Google doodle

Jellyfish to hummingbirds: Google Doodle celebrates Earth Day with animals

April 22, 2014 at 10:16 AM ET

Hummingbird
Google

Google is celebrating Earth Day with a menagerie of six of the planet’s most adorably odd creatures.

One of the animated Google Doodles depicts the Rufous Hummingbird, a tiny bird (a little more than 3 inches long) with a large appetite for travel. They have been known to migrate from Alaska down to Mexico and can be spotted far away from their regular West Coast home, occasionally as far east as Florida.

Snow monkeys
Google

Click the next button and you might get a pair of Japanese macaques, probably most famous for playing in the snow and straight-chilling in hot tubs.

Pufferfish
Google

There is also a pufferfish, which are cute when they fill their elastic stomachs with lots of water to scare away predators, and less cute when they are eaten, due to the fact that they are extremely poisonous. Still, some are served as fugu in Japan, prepared only by licensed, professional chefs who know how to avoid the fish’s toxic tetrodotoxin.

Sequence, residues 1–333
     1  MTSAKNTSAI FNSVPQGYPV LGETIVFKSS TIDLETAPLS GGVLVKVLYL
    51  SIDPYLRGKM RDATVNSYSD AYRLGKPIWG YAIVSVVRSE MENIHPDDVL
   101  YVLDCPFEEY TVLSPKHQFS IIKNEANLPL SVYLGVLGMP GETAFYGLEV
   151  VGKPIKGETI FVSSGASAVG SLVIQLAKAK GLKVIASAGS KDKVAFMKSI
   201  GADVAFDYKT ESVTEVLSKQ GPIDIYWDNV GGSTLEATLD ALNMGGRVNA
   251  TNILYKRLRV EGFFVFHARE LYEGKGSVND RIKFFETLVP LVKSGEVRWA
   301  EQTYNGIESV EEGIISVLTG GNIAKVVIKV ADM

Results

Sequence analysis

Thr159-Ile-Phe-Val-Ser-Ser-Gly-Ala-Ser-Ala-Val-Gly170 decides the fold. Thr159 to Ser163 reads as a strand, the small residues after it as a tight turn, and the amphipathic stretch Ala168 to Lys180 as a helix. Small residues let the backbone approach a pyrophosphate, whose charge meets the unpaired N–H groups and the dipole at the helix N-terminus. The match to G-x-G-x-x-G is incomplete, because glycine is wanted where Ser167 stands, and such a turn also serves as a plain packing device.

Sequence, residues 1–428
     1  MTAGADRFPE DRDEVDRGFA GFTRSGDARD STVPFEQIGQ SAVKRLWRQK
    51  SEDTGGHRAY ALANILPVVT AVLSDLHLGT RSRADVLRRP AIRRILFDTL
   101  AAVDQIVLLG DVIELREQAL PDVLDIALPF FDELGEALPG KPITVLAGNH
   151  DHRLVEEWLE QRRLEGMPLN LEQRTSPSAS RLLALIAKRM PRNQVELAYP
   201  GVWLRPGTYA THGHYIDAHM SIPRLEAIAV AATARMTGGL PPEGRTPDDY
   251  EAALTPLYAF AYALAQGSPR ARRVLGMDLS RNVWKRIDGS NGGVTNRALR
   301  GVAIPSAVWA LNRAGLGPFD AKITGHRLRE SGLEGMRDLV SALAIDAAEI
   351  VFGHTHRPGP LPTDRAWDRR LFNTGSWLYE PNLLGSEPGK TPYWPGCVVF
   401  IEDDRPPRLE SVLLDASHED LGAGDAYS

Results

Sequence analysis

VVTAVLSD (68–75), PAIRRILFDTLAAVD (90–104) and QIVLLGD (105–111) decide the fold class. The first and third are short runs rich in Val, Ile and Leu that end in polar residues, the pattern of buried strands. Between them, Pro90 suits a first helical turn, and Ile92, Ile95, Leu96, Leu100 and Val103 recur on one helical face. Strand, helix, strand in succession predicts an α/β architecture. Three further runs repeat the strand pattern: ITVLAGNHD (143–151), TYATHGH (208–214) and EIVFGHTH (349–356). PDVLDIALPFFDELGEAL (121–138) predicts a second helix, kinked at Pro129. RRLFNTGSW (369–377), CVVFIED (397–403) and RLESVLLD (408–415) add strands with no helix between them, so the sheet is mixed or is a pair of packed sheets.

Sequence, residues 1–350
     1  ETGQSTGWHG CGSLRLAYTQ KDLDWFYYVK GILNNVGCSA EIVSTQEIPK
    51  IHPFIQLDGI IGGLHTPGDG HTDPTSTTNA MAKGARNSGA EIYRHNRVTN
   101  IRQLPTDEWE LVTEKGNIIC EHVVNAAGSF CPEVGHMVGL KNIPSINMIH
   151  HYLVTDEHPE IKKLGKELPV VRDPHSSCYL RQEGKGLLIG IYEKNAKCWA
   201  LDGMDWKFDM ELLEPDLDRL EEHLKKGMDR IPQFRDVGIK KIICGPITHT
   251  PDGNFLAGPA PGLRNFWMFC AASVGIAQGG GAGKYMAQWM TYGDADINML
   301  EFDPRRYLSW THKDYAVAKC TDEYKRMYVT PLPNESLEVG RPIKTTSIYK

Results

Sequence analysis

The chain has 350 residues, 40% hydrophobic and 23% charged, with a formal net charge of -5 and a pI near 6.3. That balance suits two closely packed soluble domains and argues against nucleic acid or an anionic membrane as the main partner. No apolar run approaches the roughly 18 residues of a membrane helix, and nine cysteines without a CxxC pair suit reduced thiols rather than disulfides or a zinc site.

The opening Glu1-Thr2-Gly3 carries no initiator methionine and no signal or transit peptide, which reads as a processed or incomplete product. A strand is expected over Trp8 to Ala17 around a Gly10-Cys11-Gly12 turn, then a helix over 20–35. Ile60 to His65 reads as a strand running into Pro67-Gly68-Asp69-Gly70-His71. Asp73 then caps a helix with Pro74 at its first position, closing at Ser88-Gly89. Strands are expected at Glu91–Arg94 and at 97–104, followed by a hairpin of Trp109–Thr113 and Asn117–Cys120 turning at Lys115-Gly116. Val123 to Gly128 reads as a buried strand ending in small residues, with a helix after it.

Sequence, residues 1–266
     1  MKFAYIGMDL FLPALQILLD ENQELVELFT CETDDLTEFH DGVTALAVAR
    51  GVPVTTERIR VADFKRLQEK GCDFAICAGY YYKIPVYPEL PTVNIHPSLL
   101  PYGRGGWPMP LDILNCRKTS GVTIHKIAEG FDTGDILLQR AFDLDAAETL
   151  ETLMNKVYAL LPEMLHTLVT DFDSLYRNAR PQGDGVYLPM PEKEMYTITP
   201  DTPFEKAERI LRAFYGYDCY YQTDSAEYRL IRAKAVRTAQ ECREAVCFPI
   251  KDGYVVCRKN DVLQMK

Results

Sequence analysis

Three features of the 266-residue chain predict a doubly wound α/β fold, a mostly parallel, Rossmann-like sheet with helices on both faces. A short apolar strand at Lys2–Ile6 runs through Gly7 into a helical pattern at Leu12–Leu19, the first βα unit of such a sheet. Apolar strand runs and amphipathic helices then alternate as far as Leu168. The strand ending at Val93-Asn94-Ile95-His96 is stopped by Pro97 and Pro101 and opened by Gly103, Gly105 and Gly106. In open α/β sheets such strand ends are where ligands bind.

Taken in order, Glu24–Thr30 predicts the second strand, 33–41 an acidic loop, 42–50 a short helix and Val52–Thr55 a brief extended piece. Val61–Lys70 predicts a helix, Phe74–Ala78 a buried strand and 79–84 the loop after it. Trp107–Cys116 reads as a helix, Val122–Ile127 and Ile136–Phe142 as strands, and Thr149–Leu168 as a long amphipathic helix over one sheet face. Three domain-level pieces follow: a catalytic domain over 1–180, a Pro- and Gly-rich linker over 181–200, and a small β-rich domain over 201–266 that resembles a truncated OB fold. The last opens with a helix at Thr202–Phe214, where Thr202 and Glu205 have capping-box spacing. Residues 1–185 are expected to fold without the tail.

Dung beetle
Google

No, dung beetle is not a misnomer. These insects roll dung into balls and lay their eggs inside. When the eggs hatch, the larvae get to chow down. Delicious.

Veiled Chameleon
Google

The veiled chameleon is native to Yemen, the United Arab Emirates and Saudi Arabia, but these popular pets can be found all over the world. Seriously, these things are adorable, especially as babies.


Moon jellyfish
Google

Finally, we have the moon jellyfish, which, despite what you might hope, do not live on the moon. Instead, these prodigious breeders live pretty much everywhere, propelling themselves through all of the world’s oceans and making your trip to the beach a little more awkward. They are so numerous that they actually shut down a nuclear reactor in Sweden last year by clogging its pipes. 

Keith Wagstaff writes about technology for NBC News. He previously covered technology for TIME's Techland and wrote about politics as a staff writer at TheWeek.com. You can follow him on Twitter at @kwagstaff and reach him by email at: Keith.Wagstaff@nbcuni.com

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